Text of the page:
top 10 albums by one of my top 10 bands ever – Genesis.
1. Foxtrot. With the epic “Supper’s Ready” and the haunting “Watcher of the Skies” at each end it’s an incredible album. For me the highlight is “Can Utility and the Coastliners”, but everything about this album (except the production) is amazing.
2. Selling England by the Pound. The point in the band’s career when the creativity was flowing easiest. Tony Banks had some new toys which developed the sound, and the songwriting was at its peak.Highlights are “Dancing out with the Moonlit Knight”, “Cinema Show” and “The Firth of Fifth”, but the whole album is terrific…except “More Fool Me” which is the one reason why this album can’t take first place. Poor song poorly sung. Who’d have thought based on this that Phil Collins would end up as the band’s lead singer? Or that he would do such a good job of it? Or be one of the biggest selling pop stars of history?
3. Nursery Cryme. The album that presented the classic line-up of the band for the first time. The way they bring Collins in on “The Musical Box” is genius: yes, it’s the same band as before, but with better backing vocals. Then, bang…oh yes, we’ve got a world class drummer. The songs are great “Time Table”, Fountian of Selmasis” – and the playing is stunning. Chuck in a bit of humour with “Harold the Barrel”. It’s got a bit of everything.
4. The Lamb Lies Down on Broadway. I think this was supposed to be their masterpiece. A huge project and ambitious in too many ways. And it is brilliant. However, the story ended up confused and incoherent, and the “atmospheric” instrumentals more weird than wonderful. Still, it’s a tremendous feat, and brings classics such as “The Cage”, Carpet Crawlers” and “Counting out Time” into the repertoire.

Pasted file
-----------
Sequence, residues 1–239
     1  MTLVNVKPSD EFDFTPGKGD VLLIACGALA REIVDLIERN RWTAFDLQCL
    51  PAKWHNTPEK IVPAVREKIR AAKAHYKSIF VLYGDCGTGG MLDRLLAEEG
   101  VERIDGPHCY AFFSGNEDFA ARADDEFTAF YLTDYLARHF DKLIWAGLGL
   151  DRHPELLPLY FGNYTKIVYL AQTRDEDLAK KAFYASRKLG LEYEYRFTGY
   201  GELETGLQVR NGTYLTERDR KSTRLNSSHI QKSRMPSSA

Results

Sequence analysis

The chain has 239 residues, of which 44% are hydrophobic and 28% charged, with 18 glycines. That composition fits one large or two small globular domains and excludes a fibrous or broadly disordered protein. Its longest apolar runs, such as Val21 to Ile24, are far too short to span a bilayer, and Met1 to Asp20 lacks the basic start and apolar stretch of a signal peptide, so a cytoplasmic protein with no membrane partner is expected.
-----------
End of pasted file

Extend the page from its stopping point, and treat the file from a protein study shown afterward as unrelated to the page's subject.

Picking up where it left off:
5. Trespass. Despite Hackett and Collins not yet being on the scene, this album defines the next 5 years of Genesis. With atmospheric soundscapes and stories in the songs, it’s captivating right from the a-capella start to “Looking for Someone” to the huge heavy rock extravaganza “The Knife” – maybe the best song they did? And Anthony Philips on the guitar – we forget how good he was, don’t we?
6. Duke. I played this again after many years of categorising it as part of the demise of the greatness of the band and the onslaught of commercialisation. However, on reflection (and thanks to Ed Conway for making me give it another chance), I’d have to rate it as the best post-Gabriel album. Unfortunately marred by “Misunderstanding”, it’s an otherwise magnificent album – despite the drum machines.
7. Trick of the Tail. Some great songwriting – “Ripples”, Trick of the Tail” are diminished by the substandard “Squonk” and “Robbery Assault and Battery” . A great sounding album which shows Collins as an acceptable Gabriel sub and starts and ends with archetypal Genesis grandeur.
8. Wind and Wuthering. Well, you understand Hackett leaving after this. Poorly put together album with stuff that shouldn’t have got the green light (Mouses Night”, Wot Gorilla”) that rather detracts from the fabulous “11th Earl of Mar”.
9. And then there were 3. Not by any means a great album. However, when you don’t play it for a decade and then come back to it, it surprises in a positive way. Shouldn’t have made the top ten, but everything post 1980 is too dreadful to come near it.
10. From Genesis to Revelations. A really awful album due to Jonathan King’s intervention. The strings are so out of place it’s painful. But the songs – if you can bear to hear them through the strings – are beautiful. Awful album but still very creative and intellectually stimulating. Unlike all the albums that didn’t make this list.
My theory is that any band who were great in the ´70’s wereterrible in the ´80’s is most perfectly illustrated by Genesis. My favourite band of the early 1970’s and entirely unplayable in the 1980’s. But, hey, that’s just my opinion man . lots of people love the 80’s stuff. Strange but true.